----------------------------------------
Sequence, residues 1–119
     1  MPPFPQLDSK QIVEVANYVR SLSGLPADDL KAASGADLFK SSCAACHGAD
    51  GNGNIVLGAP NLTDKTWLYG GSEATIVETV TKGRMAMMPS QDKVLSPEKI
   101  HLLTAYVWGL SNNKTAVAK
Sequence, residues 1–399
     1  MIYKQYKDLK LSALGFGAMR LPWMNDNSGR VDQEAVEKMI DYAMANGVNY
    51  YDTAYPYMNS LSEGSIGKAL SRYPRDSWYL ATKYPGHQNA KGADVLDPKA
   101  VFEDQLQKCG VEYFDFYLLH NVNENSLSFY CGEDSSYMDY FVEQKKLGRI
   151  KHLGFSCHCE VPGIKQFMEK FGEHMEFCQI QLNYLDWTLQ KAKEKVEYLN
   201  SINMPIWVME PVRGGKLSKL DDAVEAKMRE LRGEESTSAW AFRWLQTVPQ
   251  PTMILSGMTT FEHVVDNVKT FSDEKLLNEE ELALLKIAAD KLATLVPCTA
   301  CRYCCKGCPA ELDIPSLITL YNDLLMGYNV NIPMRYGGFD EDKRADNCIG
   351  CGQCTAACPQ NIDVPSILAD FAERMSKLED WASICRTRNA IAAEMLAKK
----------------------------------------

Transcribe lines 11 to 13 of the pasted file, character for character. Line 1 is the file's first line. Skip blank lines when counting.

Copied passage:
   251  PTMILSGMTT FEHVVDNVKT FSDEKLLNEE ELALLKIAAD KLATLVPCTA
   301  CRYCCKGCPA ELDIPSLITL YNDLLMGYNV NIPMRYGGFD EDKRADNCIG
   351  CGQCTAACPQ NIDVPSILAD FAERMSKLED WASICRTRNA IAAEMLAKK